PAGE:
about this piece
About this piece:
This book and accompanying poem by Daryl Farmer references Mao Zedong’s 1958 campaign to eliminate China’s population of sparrows because they ate the rice on which the people depended for sustenance. The sparrows were poisoned and shot, their nests and eggs destroyed, nearly to extinction. Neglected was the fact that sparrows kept the locust population in check, and without sparrows the locusts drastically decreased the rice harvest, thereby causing thousands of Chinese to die of starvation.
The construction of the book’s panels and their images echo the multi-faceted historical event described poetically by Daryl Farmer. A vintage image of Chinese people shooting sparrows opens the sequence, with images of dead birds, swarms of locusts, Mao himself, and ultimately gruesome portraits of emaciated Chinese people to follow. Images, mounted on wings attached to the panels and within smaller book structures, all fold up and are stored within the larger book construction.
Because Einstein Once Said, If Honeybees Are Ever to Perish, We Humans Would Soon Follow by Daryl Farmer is used with the author’s permission. Farmer is the author of Bicycling beyond the Divide, which received a Barnes and Noble Discover Award and was a Colorado Book Award finalist, and Where We Land, a collection of short stories. His recent work has appeared in The Whitefish Review, Hayden’s Ferry Review, and Gingerbread House. He is an associate professor at the University of Alaska Fairbanks where he is director of the creative writing program.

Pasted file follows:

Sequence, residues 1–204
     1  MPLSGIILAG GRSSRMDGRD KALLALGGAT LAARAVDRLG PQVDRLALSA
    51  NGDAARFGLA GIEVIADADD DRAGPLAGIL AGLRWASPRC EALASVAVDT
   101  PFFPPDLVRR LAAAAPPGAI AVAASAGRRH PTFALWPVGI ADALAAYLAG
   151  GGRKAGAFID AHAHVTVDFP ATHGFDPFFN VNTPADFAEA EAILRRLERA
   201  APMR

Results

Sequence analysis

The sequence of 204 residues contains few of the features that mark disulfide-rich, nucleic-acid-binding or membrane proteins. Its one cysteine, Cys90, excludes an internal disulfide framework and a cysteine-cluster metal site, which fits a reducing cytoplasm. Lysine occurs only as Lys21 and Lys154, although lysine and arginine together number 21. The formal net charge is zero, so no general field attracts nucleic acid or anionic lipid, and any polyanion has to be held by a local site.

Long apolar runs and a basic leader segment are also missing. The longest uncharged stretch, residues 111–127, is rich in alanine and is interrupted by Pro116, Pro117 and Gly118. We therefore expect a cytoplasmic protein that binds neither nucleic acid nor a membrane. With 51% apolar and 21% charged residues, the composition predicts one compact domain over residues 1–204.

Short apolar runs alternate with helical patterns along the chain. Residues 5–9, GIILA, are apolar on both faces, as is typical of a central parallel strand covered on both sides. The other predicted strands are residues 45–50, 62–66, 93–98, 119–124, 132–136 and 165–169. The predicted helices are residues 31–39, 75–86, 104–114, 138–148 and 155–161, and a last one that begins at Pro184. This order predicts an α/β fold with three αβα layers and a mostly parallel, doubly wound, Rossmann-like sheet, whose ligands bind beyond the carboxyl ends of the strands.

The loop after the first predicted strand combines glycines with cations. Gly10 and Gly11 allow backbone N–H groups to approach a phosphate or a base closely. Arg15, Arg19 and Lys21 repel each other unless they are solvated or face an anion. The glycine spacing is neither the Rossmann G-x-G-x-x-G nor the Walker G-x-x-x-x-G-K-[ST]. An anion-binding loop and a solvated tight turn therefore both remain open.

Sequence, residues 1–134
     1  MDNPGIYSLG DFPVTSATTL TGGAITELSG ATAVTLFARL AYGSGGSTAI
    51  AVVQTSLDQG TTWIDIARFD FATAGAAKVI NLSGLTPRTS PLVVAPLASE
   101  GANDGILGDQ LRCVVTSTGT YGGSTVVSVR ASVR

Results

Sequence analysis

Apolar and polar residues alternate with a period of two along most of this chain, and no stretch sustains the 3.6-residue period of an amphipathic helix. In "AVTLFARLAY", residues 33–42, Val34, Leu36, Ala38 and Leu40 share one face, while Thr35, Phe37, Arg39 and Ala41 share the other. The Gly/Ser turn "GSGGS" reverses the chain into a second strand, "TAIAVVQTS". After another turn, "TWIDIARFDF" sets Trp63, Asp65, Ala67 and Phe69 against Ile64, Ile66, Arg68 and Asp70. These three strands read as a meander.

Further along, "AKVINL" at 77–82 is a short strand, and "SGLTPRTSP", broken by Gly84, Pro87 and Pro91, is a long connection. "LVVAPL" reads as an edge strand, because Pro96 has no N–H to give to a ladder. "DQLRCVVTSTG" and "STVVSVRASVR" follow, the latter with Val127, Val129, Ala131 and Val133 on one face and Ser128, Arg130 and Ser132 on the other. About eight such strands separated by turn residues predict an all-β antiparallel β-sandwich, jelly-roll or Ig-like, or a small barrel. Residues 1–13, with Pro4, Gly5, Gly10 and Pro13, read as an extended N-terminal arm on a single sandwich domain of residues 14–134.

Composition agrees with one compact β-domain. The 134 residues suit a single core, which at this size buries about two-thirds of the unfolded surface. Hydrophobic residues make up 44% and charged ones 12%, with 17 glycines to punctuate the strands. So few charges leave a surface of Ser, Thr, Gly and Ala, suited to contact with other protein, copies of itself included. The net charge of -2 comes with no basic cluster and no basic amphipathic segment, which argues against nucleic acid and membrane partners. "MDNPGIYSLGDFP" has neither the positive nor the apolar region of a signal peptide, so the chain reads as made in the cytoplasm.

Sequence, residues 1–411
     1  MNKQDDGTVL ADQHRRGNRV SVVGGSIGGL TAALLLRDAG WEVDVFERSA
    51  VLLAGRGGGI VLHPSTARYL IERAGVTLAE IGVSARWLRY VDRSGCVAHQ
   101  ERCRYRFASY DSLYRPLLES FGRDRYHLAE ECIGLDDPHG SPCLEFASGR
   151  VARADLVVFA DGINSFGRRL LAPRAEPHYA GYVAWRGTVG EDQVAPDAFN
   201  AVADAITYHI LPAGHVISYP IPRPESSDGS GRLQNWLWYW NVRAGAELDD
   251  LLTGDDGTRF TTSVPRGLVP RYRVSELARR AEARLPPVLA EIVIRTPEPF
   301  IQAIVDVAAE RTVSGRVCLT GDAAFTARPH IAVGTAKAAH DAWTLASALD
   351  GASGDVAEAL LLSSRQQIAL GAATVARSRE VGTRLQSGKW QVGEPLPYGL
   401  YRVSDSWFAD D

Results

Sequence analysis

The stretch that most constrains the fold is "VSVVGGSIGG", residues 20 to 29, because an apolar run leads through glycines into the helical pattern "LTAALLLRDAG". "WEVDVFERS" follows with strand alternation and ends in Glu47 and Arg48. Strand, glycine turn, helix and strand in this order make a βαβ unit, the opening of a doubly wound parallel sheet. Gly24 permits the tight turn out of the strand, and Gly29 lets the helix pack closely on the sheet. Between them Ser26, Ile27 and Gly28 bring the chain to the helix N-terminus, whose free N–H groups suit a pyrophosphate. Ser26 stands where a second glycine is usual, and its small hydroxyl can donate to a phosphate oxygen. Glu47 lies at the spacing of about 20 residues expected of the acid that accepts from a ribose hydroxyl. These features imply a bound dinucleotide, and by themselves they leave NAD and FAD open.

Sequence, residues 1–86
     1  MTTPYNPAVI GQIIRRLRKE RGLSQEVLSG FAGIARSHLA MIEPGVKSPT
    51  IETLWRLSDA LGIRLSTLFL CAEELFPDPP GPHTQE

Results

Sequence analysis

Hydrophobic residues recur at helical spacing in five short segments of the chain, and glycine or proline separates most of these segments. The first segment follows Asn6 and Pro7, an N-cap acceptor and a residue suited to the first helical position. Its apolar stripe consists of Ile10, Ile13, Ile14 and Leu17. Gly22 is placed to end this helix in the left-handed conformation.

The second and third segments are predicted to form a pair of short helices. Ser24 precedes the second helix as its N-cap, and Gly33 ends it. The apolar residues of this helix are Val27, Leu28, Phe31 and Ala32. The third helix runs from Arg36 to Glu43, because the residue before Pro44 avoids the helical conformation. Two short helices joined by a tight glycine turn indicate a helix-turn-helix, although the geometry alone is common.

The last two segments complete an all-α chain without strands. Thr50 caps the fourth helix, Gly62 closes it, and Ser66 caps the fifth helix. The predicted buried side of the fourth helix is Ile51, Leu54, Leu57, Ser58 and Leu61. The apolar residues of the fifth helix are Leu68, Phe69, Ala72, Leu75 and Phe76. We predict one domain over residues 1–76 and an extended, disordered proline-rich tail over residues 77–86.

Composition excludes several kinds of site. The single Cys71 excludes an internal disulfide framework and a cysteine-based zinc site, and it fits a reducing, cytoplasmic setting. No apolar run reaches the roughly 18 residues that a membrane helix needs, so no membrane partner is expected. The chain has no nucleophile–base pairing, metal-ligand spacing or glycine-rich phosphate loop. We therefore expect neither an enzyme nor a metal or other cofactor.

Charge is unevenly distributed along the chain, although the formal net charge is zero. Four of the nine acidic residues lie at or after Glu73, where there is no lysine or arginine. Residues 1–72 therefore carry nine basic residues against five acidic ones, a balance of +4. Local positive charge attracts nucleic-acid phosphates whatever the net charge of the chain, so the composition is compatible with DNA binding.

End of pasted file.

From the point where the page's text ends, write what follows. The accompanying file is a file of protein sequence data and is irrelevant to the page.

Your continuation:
book board, paper, toner
About the artist:
Lives and works in Fairbanks, Alaska, United States
Margo Klass is a mixed media artist whose work includes artist books and sculptural box constructions. She has received awards from the Rasmuson Foundation, Alaska State Council on the Arts, and was Artist in Residence in Denali National Park. In 2015 she received the Governor’s Individual Artist Award. Her work is included in the Anchorage Museum, the University of Alaska Museum of the North in Fairbanks, the Pratt Museum in Homer, and other public and private collections. Publications include Double Moon – Constructions & Conversations with texts by Frank Soos.